‘The Mighty’ is a digital health community, created to empower and connect people facing health challenges and disabilities, and I came across it by accident – but found so much relevant to my own life, that I signed on for regular emails.
The comic strip, further below this, is one such link sent to me to read, and it reflected my life so much, that I really wanted to comment on it here.
The comic strip shows exactly what happens to me every time I try to be ‘normal’, and meet up with a friend for lunch, or try to be a little independent, and attempt to do small chores for myself, etc. It shows the difference in energy used between a healthy person, and someone suffering with an auto-immune illness, and I felt it showed the difference very well.
It really is so very hard to explain to someone who isn’t suffering from a plethora of auto-immune illnesses, just what life is like for us who do 😦
Link to website: The Mighty.com – Comic Strip that explains Chronic Fatigue Syndrome/ME
In honor of myalgic encephalomyelitis (ME)/chronic fatigue syndrome awareness day on May 12, I thought I’d make a comic. When I decided to do this I didn’t quite realize just how long it would take and how many spoons, but hopefully it’s worth it.
To read a transcript, head here.
Introducing Maddie, a girl with ME, who in this episode, “Energy and Exertion,” is meeting her friend, “Normal” Nancy, for coffee.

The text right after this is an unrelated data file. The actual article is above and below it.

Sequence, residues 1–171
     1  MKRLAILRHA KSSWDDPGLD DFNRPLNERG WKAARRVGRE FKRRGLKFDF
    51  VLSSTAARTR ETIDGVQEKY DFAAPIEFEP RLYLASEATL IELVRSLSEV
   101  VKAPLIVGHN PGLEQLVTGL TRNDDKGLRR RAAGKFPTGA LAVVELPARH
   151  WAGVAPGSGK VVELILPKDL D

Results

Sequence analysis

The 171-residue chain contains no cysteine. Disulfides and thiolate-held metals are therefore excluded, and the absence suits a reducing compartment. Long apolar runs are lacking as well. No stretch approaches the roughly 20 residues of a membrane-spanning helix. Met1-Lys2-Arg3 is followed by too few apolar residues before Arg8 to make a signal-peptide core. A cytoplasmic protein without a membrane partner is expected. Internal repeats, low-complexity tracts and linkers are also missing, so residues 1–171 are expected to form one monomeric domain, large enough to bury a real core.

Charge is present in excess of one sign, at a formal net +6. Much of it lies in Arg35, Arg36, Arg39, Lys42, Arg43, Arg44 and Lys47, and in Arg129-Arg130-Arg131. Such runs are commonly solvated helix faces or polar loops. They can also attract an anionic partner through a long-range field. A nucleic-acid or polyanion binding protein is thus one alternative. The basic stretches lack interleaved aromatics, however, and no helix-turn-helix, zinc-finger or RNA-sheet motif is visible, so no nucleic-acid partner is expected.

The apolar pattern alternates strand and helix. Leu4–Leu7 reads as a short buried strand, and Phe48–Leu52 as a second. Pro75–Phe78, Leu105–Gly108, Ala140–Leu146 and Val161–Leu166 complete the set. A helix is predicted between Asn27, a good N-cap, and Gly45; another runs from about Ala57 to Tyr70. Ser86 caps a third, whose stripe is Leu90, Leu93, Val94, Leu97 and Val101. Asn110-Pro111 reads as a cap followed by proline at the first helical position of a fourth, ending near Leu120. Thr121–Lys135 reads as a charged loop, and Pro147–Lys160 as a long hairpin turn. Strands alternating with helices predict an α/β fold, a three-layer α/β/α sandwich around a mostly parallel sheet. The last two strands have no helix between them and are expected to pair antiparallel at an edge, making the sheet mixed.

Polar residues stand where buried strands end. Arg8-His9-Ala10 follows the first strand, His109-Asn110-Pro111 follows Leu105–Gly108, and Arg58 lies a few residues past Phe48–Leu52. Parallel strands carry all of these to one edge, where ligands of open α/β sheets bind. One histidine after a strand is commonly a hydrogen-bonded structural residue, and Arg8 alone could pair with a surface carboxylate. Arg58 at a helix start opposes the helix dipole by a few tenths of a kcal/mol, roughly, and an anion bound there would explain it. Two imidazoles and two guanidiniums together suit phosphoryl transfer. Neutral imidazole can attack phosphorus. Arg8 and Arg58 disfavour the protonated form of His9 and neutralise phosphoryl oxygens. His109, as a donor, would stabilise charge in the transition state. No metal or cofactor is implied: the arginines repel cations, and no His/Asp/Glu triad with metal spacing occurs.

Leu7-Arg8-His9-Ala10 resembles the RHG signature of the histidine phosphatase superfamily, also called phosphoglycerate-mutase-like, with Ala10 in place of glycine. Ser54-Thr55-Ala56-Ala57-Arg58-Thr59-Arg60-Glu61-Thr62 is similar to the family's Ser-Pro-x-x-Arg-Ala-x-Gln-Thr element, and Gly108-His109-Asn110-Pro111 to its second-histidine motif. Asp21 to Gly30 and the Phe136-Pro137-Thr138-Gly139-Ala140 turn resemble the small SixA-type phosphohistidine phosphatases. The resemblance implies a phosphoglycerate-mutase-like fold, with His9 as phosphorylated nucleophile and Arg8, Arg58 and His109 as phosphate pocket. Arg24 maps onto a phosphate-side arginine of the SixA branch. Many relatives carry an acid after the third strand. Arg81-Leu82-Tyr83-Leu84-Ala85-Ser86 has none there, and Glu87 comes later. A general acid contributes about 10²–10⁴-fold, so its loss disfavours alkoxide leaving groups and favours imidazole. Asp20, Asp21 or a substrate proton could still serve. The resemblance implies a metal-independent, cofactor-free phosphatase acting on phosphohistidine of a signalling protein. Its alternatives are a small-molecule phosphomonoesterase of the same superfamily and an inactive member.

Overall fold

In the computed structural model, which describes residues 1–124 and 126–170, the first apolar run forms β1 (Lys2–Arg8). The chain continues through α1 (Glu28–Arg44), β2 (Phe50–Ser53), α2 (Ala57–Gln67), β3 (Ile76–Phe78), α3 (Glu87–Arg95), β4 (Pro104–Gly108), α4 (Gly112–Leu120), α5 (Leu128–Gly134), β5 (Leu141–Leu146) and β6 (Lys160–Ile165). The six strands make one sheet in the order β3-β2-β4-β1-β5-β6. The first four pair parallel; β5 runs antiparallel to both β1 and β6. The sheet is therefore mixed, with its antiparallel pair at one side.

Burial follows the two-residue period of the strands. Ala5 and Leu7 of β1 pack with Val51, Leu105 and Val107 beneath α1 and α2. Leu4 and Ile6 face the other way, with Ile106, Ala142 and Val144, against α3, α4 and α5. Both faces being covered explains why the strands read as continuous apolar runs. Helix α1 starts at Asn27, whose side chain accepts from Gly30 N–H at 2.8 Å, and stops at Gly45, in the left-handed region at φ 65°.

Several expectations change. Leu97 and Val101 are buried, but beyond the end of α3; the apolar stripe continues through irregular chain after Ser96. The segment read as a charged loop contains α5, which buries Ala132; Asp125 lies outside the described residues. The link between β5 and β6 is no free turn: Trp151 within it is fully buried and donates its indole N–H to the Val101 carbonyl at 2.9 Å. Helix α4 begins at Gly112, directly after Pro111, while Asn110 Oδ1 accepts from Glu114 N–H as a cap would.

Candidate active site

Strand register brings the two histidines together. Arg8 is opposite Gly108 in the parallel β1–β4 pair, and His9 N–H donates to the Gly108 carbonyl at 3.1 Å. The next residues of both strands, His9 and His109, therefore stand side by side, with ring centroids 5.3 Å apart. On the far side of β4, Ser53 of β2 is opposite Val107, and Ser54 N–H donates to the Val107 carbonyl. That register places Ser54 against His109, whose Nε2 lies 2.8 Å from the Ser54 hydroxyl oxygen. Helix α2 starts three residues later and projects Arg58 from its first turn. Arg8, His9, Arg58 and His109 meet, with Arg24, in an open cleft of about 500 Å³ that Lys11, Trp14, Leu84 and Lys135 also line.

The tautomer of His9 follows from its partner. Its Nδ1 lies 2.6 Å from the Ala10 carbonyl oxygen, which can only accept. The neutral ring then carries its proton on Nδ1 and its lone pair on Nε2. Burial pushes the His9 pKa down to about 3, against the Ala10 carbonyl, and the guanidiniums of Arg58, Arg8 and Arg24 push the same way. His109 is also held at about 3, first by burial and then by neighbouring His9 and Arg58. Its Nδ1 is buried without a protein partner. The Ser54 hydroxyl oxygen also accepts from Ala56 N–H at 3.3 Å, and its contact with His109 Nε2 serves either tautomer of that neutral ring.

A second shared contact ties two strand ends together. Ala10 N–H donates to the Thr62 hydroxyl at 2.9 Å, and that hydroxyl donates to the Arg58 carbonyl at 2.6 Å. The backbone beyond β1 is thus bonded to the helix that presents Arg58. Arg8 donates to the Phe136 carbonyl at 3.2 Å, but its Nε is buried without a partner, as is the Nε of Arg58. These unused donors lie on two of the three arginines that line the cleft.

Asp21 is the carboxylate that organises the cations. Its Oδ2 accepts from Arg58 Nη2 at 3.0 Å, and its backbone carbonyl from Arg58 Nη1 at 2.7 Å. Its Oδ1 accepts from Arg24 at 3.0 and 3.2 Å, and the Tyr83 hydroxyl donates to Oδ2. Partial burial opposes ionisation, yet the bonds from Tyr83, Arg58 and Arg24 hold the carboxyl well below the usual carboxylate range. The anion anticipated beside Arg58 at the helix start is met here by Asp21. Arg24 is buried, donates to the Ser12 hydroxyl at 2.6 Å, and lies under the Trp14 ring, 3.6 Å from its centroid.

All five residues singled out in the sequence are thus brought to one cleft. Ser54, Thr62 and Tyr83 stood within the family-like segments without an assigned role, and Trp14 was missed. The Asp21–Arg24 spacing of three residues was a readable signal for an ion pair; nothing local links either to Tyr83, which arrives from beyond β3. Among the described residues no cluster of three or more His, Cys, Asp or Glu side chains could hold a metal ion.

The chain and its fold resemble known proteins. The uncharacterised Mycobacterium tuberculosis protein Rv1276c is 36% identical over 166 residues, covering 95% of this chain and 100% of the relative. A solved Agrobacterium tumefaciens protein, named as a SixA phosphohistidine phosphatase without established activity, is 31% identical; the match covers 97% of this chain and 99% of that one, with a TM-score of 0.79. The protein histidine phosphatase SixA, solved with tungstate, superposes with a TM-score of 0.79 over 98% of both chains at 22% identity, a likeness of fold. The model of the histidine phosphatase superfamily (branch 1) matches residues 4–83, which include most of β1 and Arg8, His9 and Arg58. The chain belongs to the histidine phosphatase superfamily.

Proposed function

This blog was originally published on Laura’s Pen
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Just like Maddie in the comic, I suffer with ME, but I also have Fibromyalgia, Lupus, Arthritis, and a plethora of other health problems – plus 2 blood disorders that are really making my already complex health issues even worse. This means, unfortunately, that the physical, and mental, side effects of each of them, affect me even more than just the one problem does Maddie 😦
Like Maddie, I try my best to occasionally meet up with a friend for lunch, or to go into town – even if it’s only to get money out – although I’m unable to travel by Bus, as it became a very painful – and totally exhausting – thing to do years ago.
I don’t get out as much as I’d love to do, but as much as my body allows me to 😦
I can only manage this, though, if a good friend picks me up in her car, and drives me around from place to place – so I can manage to do what I must, without having to constantly walk too far. Then, when I’ve either finished my list, or just run out of energy, she then drives me home again, making sure I get myself, and anything I’ve bought, safely into the house.
If I absolutely MUST go into town for something important, and my friends are unavailable, then I’ll catch a taxi, which I arrange to return for me where I was dropped off, an hour later (because an hour is my absolute limit, especially when on my own)!
If I have to use a taxi, once I get there, I know I will only be able to manage one or two things that I absolutely HAVE to do – plus, I also have to plan the shortest route possible between places I need to visit before my energy runs out, and I need to get back home before I fall down exhausted – so I only do what I absolutely MUST do 😦